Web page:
I am a Life Scientist and Wildlife Conservationist with a BSc (Honours) in Life Sciences. I have experience in wildlife conservation, molecular biology and science communication. I also have a degree in German Law.
I have been passionate about genetics and conservation for a long time and have been working as a volunteer at RZSS Edinburgh Zoo for several years. I had the idea for this project whilst volunteering at the N/a’an ku sê Foundation’s in Namibia in 2015.
During all my studies and projects, I have always enjoyed an interdisciplinary approach to finding solutions and I believe that many problems are multifactorial and should therefore be approached with an open mind and from many different angles. Therefore, this project combines my love for genetics with my passion for conservation science, it combines laboratory and field work, which I both thoroughly enjoy. And I believe that to solve the problem of poor genetic variation, both in the cheetah as well as in other species, it is necessary to combine different scientific fields and think outside the box. As a lawyer and scientist, I have been trained to always find a solution, to persevere and not be afraid to try out new approaches. I am therefore determined to make this project happen, to find out whether FIT can establish relatedness and to contribute to increasing the genetic variation of the cheetah.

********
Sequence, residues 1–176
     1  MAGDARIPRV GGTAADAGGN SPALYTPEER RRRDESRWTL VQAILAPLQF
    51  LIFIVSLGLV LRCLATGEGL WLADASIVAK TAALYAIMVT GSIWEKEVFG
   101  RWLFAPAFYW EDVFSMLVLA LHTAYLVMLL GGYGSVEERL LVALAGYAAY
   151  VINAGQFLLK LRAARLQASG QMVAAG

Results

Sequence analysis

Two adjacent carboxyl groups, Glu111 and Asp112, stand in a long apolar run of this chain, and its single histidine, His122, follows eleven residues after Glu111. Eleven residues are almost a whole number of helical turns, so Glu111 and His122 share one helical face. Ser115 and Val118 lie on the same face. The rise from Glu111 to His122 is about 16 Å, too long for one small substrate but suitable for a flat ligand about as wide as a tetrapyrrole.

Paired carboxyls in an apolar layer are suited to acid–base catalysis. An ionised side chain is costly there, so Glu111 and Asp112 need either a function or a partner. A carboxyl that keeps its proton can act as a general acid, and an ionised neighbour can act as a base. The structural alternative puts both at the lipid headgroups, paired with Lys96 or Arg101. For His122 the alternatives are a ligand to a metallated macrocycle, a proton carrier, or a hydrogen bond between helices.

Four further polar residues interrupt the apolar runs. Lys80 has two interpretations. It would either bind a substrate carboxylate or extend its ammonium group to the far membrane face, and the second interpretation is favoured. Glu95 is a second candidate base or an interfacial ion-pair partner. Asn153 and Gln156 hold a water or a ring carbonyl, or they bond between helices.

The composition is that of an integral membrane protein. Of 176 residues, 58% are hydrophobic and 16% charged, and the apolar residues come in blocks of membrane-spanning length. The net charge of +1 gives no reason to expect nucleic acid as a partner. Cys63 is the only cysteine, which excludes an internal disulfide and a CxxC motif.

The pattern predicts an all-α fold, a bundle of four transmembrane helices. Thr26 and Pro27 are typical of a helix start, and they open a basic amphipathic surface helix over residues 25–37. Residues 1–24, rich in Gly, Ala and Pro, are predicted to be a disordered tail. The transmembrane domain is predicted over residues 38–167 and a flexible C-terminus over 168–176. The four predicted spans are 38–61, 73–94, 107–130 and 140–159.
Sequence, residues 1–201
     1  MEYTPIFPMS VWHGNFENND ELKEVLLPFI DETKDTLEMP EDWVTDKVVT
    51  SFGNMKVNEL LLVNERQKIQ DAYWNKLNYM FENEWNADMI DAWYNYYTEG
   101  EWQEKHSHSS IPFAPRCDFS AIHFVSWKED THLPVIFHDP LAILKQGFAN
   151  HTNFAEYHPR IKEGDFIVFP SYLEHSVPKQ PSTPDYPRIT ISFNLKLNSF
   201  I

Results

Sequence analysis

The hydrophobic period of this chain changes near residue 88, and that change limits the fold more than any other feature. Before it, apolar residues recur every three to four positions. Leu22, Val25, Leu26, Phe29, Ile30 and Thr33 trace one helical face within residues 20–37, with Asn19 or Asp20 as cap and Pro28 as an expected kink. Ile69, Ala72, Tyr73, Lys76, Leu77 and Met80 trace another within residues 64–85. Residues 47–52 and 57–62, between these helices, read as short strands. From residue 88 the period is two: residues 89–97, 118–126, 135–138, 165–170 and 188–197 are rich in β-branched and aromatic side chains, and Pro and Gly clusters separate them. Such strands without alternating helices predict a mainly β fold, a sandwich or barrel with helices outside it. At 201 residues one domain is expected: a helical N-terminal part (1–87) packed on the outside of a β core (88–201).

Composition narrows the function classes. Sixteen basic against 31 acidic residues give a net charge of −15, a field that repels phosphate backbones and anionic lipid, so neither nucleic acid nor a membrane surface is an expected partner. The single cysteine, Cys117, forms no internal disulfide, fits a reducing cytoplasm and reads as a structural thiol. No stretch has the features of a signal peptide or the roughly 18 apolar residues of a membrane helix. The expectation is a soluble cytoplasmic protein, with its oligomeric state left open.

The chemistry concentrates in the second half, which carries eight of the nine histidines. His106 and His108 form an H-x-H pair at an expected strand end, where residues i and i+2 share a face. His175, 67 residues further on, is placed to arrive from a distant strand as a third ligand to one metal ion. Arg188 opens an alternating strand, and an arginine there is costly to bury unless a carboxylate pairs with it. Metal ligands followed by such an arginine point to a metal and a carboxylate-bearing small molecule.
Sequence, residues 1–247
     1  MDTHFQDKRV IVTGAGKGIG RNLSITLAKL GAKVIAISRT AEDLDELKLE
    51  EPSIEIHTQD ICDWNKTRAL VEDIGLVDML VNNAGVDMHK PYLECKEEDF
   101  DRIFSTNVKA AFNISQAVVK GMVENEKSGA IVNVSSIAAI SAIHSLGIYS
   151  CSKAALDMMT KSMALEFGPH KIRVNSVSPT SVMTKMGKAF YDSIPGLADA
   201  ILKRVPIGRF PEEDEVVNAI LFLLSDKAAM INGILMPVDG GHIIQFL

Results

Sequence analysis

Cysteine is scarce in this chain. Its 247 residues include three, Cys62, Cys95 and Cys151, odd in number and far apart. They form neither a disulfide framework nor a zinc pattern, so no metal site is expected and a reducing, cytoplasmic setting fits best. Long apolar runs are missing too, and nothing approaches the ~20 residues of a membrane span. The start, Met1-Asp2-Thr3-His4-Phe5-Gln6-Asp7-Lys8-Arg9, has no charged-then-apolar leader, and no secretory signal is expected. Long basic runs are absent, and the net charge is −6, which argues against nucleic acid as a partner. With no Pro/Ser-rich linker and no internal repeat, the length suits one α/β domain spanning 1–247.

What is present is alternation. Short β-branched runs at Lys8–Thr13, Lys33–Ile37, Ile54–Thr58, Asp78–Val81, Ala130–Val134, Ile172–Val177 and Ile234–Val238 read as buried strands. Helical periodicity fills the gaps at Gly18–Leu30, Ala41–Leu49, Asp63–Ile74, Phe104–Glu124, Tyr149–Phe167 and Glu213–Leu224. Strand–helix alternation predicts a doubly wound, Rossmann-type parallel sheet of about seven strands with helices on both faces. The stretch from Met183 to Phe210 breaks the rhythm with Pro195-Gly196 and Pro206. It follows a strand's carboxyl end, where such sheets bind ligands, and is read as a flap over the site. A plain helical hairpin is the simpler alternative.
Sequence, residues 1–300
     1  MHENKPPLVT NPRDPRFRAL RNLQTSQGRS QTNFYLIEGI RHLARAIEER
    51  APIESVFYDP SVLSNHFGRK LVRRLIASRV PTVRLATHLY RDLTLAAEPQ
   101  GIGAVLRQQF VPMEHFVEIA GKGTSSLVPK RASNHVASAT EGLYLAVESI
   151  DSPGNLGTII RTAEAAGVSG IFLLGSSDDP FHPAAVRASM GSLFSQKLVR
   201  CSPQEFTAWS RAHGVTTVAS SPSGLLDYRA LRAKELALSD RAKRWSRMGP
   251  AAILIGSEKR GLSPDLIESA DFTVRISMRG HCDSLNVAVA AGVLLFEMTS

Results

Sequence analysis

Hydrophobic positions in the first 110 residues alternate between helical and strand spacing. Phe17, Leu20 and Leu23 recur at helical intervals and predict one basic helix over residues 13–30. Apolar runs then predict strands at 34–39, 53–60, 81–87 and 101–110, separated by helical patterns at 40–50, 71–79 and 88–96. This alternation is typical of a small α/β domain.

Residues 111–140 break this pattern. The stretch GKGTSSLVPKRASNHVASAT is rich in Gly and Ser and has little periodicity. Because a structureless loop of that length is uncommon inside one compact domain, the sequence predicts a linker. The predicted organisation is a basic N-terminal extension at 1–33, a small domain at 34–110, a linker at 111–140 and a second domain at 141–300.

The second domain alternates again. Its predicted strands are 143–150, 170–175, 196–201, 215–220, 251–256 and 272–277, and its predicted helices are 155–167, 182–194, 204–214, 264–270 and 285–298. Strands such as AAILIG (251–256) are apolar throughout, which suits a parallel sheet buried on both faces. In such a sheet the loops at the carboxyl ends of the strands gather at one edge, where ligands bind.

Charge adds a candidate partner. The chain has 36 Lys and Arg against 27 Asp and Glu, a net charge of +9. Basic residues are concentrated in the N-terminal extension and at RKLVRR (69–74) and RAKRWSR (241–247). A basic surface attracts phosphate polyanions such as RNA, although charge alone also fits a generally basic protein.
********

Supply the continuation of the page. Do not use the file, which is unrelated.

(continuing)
As this is a self-funded PhD, I am the only official team member. However, I work together with my supervisors at Heriot-Watt University, Associate Professors Peter Morris and Derek Jamieson, as well as the N/a’an ku se Foundation in Namibia and Dr Zoe Jewell and Dr Sky Alibhai from WildTrack in the USA. In addition, I consult with various wildlife geneticists globally.